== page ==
Daffodils are out!  The symbol of new beginnings.

This month we feature allotments and vegetable growing with thanks to those members who contributed.  We also include a delicious Delia recipe for carrot cake, so you can never have too many carrots!  In addition we have an invitation to peek into one country lady’s diary and another’s garden as well as continuing with theme of parents’ gardens.

Our Club had a mention in the February edition of the RHS magazine, ‘The Garden’, in an article, which referred to problems facing gardening societies and I quote “Malvern Hills Gardening Club revamped its Facebook page, produced a monthly newsletter and held monthly competitions online.  ‘We hope we have done enough so that, when we can meet again in person, our membership numbers will start to grow again’, said Patsy Cooke of the club’.”

Helena Kent. Club Secretary

Save the date! Weds, 24 March at 7.20pm

Our second MHGC Zoom meeting!

Details: Join meeting at 7.20pm for 7.30pm talk. Approx one hour long.

The speaker is Ian Thwaites, his talk is titled “The life of a plant and garden photographer”.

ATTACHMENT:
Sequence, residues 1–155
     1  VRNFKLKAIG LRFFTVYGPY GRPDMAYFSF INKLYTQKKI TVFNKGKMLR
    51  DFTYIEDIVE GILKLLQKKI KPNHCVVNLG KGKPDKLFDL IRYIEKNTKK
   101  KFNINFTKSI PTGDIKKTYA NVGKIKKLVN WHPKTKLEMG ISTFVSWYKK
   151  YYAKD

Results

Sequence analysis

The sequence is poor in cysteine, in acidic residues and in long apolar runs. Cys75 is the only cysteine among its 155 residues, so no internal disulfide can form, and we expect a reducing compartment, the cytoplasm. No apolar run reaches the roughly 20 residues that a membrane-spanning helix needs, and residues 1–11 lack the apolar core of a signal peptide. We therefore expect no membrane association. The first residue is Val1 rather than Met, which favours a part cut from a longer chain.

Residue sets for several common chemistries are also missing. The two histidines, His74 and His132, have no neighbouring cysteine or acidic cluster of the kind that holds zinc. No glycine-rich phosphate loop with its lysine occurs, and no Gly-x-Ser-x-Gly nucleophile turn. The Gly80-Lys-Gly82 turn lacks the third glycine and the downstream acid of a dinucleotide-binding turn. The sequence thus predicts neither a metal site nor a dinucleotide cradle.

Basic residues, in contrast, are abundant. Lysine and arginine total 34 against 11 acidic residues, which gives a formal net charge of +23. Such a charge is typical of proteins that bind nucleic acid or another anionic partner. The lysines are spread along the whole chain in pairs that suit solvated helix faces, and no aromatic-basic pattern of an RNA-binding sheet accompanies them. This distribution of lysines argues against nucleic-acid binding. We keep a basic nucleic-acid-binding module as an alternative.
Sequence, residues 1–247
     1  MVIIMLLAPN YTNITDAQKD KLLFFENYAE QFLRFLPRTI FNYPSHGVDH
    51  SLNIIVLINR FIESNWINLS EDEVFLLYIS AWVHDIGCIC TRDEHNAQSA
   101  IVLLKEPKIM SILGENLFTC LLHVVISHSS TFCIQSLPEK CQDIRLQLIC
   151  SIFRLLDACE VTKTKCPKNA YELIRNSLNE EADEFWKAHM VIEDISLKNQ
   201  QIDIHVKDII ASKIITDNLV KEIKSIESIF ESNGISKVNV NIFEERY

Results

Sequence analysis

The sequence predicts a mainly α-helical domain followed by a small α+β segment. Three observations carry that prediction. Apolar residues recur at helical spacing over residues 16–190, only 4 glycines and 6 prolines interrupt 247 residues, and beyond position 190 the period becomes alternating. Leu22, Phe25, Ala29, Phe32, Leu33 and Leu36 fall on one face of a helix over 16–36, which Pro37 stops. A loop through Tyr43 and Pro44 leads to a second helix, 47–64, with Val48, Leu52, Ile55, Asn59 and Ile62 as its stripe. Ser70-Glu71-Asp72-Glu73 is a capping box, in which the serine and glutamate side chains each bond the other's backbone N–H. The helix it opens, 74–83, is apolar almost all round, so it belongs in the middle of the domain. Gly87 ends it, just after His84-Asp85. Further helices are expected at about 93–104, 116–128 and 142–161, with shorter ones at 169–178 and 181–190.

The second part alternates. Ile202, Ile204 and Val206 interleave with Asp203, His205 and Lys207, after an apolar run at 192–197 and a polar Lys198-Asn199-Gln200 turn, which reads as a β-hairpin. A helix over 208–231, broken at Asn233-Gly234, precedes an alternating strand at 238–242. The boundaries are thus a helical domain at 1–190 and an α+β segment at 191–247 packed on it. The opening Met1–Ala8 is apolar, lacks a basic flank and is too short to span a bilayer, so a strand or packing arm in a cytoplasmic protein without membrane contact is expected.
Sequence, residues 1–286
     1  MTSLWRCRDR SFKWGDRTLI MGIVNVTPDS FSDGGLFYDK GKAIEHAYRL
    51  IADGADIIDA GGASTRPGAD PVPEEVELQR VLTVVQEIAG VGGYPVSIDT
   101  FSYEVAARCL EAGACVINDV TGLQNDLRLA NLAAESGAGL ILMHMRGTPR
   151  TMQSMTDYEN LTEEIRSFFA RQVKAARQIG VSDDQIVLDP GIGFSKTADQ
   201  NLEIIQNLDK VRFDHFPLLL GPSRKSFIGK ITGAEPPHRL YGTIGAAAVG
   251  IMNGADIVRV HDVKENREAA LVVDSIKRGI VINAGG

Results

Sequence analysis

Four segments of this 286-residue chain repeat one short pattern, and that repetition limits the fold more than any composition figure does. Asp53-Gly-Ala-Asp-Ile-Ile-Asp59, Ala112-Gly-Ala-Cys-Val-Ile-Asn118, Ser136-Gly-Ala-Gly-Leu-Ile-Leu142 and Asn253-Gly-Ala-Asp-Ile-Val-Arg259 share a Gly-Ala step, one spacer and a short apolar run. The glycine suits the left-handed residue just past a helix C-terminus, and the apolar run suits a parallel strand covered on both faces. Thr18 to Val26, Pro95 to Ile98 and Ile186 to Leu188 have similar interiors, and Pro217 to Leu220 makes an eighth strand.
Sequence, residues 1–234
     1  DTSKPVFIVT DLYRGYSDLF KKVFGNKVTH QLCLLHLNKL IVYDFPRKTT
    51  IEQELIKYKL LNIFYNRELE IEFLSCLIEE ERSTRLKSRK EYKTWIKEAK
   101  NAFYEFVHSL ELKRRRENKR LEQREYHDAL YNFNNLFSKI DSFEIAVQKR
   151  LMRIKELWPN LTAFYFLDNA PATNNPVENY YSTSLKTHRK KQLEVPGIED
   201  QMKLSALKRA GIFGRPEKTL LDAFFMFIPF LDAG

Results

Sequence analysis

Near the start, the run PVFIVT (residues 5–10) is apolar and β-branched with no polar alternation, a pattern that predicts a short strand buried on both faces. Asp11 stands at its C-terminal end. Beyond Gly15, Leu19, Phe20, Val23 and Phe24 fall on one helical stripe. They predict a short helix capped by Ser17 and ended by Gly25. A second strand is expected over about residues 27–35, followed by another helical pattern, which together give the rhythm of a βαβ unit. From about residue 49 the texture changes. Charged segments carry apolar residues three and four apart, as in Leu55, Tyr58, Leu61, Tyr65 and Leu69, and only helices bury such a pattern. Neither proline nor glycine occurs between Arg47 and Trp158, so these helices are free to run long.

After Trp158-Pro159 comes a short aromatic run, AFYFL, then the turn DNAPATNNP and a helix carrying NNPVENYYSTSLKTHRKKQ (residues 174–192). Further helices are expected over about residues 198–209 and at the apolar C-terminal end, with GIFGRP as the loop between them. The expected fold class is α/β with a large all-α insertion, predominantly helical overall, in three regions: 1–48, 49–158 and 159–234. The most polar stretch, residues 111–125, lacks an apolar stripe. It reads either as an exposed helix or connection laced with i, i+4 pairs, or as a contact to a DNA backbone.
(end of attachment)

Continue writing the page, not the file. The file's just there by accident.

Biography: Ian is an International Garden Photographer of the Year award winning botanical photographer with a specialist knowledge of cacti and succulent plants. Many of his images capture the natural beauty of my subjects whether in a formal garden, their natural environment or as a simple portrait. He is a member of the Garden Media Guild, Professional Garden Photographers Association and Chairman of the British Cactus and Succulent Society.

His website is www.ianthwaites.com   it is definitely worth taking a look.

We will forward you more details, the link, meeting ID and pass code nearer the time.

Breaking News…..…Breaking News……..Breaking News…..…

April and May Zoom talks have also been organised: